Regarding the frequency of PAF over the years I have swung from once every 2 - 3 months to once every 2 - 3 days and back again. The unpredictable nature of this condition is what makes so many of us so wretched at times and having the feeling of foreboding.

    Regarding ablations I think that if your EP thinks it is a good idea and it is such a long time until the wedding next year you should take his advice as because of your low frequency I would suggest that you are a strong candidate for a successful conclusion.


  • Pete, I take 150 mg of Flecanaide 2x daily which I know is the Max dose. Yes, the problem with this dose leaves you with no ability to take additional when an episode comes on. Thanks for your reply; helpful, Gracey

  • Yes Gracey

    You are right - by taking 150 x 2 each day it does not leave you any scope for a PIP to enable you to kick it back into rhythm.

    I felt awful taking 150mg x 2 yet have no problem with taking 100 x 2.

    Recently, just before my ablation 3 weeks ago, my heart was going in and out of AF almost every other day. I decide to take 300mg at once on more than one occasion. Whilst it worked and I was back in NSR in 1 hour it made me feel very very bad particularly as I had taken my daily dose earlier in the day on one occasion.

    The following week when I told the EP at the hospital during discussions about how I deal with any future episodes that might occur I told him what I had done. I got told off quite severely and was told categorically that I must not take more than 300Mg in any 24 hours.

    10 days ago I did have an episode of AF and had taken my daily dose of 100Mg about an hour earlier so I took one more 100Mg. It took 10 hours to revert to NSR. I have been in NSR since so am keeping my fingers crossed that the stable heartbeat I have now will prevail.

    I think that taking 150Mg twice a day is too much and I am not sure what extra control it offers over 100Mg twice a day.


  • Pete, I agree!

  • YES it is worth it. I think it well known that AF is progressive so best to get it sorted before it becomes too much of a burden.

  • Bob, I'm one of these people who believes I can handle this until I get an attack. When the mongrelcomes on me all my positivity goes out the window. I don't like the anxiety this causes and that's why I'm going to go ahead with the Cryoablation, at least that's what my gut says today! Thank you for all your advice, you help so many Gracey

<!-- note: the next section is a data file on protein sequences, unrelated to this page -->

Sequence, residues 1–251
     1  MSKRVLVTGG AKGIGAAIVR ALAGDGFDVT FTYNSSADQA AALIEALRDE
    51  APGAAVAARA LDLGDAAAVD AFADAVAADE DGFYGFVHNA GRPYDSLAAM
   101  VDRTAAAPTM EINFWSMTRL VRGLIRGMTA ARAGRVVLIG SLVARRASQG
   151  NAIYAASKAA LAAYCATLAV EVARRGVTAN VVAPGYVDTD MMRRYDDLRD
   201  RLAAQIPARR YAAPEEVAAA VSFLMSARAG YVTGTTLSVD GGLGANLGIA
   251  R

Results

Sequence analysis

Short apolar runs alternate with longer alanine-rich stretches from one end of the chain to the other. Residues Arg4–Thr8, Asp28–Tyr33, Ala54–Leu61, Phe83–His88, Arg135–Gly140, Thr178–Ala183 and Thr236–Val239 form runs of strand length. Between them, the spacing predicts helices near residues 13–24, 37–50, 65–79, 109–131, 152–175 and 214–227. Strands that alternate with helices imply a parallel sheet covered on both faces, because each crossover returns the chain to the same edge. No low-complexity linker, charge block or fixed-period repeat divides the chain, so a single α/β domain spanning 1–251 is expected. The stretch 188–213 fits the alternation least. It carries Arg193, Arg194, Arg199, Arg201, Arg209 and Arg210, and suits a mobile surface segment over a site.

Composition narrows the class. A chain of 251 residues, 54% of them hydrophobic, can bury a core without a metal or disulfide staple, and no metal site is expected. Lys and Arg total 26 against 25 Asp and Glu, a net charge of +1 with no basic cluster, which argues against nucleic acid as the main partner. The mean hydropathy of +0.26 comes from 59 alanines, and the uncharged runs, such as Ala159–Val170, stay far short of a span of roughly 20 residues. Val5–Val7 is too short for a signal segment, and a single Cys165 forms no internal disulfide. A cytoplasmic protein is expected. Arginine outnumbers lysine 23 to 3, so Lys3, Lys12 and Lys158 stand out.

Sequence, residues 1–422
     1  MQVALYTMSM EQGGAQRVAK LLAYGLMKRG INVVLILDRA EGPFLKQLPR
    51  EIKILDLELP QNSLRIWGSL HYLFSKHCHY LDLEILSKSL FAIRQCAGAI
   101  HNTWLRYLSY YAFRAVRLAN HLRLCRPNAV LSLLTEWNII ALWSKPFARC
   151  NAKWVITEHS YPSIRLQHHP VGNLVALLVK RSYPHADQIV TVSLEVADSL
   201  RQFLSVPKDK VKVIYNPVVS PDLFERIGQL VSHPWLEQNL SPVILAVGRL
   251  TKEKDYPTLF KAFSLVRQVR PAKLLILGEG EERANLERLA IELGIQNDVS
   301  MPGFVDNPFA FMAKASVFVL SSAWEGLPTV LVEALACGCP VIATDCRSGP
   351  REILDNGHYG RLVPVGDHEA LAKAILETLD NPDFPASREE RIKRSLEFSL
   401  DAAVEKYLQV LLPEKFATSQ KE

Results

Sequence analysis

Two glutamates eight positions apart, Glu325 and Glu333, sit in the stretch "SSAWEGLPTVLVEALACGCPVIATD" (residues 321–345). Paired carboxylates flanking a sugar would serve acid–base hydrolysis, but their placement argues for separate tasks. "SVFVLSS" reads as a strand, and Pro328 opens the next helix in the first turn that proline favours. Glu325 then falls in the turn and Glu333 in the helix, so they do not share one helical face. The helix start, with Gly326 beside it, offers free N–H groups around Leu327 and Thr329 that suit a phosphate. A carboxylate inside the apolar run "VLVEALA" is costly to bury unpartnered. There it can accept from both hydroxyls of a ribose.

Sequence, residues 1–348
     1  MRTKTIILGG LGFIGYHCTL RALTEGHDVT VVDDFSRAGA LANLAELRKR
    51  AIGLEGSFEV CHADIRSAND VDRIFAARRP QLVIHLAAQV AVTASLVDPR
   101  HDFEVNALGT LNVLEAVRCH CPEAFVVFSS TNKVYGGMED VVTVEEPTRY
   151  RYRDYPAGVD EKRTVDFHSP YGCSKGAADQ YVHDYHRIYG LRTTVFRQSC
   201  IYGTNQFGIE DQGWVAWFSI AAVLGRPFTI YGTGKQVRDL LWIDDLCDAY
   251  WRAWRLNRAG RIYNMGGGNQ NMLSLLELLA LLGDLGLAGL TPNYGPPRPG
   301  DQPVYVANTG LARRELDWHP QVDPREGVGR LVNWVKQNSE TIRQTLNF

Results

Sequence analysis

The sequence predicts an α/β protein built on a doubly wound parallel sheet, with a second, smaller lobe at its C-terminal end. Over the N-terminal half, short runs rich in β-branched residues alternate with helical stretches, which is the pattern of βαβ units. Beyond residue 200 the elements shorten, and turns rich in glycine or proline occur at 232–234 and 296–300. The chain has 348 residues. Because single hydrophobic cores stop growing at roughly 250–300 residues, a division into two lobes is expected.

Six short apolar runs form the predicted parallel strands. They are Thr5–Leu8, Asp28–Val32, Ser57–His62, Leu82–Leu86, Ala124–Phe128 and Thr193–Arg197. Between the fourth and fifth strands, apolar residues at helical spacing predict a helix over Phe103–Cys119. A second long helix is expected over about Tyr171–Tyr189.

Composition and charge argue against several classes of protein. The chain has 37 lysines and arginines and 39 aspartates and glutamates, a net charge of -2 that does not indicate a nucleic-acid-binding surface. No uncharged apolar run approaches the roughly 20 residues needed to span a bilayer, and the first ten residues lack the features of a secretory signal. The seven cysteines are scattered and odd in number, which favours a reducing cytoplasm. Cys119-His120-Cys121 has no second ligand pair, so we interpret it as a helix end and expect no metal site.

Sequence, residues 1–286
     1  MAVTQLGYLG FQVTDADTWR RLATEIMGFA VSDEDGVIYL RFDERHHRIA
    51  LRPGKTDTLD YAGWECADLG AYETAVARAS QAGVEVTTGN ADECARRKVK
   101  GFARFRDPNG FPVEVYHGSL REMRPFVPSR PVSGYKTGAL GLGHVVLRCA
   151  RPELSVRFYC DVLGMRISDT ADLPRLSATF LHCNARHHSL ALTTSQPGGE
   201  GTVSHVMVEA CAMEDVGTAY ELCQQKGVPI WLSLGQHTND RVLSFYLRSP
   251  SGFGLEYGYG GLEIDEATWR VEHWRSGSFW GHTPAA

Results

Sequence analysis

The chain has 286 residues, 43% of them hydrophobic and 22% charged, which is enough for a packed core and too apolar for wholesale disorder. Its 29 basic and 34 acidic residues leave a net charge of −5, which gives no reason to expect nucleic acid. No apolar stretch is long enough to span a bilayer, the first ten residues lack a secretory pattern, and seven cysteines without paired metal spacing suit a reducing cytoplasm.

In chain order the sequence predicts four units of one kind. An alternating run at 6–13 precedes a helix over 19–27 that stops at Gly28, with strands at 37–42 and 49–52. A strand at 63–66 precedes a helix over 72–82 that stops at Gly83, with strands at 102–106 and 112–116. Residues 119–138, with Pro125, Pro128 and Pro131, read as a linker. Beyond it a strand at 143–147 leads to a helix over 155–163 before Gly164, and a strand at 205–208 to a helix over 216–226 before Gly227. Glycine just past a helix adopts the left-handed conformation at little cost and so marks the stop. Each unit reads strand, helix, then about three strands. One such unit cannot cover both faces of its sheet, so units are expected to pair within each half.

• I had PAF for 20 years (it started long before ablations were being offered!) is steadily got worse over last 4 years and I think that is what "it" likes to do.... The good news about having a cryoablation is that it appears to work very well on PAF and my EP gave me an optimistic 85% success after the procedure! (80 before)

  • Sorry sent too quickly! Anyway to cut a long story short, I am very glad I am off all drugs for my heart and so far so very good! Your decision but I am very happy with mine!

    Good luck

    Best wishes


  • I was having episodes approximately every six weeks before I was given Sotalol, then they went up to every two weeks. My episodes weren't too bad - they would come on in the evening and stop overnight. When I saw an EP I was asked if I would take part in a blind three legged trial and I was assigned an ablation. I've had no problems since. Now on no medication apart from anticoagulant. So glad that I had it done.

  • I wish I had had mine done before I went into persistent AF as mine has now been very difficult to deal with. It's a decision to be made looking at all angles. now you have made the decision just go with the flow and it will be done and dusted before you know it. Good luck.


  • To me, ONE episode is one too many. If you can prevent them, why not?

  • If you dont in 5 years time still taking meds you will say wish i had tried Ablation 5years ago

  • I had cryoablation almost two years ago and have been much better off since then. Cardiologist says there is no more a fib but I do have infrequent episodes of extra beats but they self correct within one or two minutes.Before the ablation I was a frequent visitor to the ER with very rapid Afib. Now the only meds I take are coumadin and 25 mg. metropolol which is a beta blocker.

    I'm very glad I did it!

  • To distract you a bit, try reading, and watching this post

    Is AF ablation a big placebo?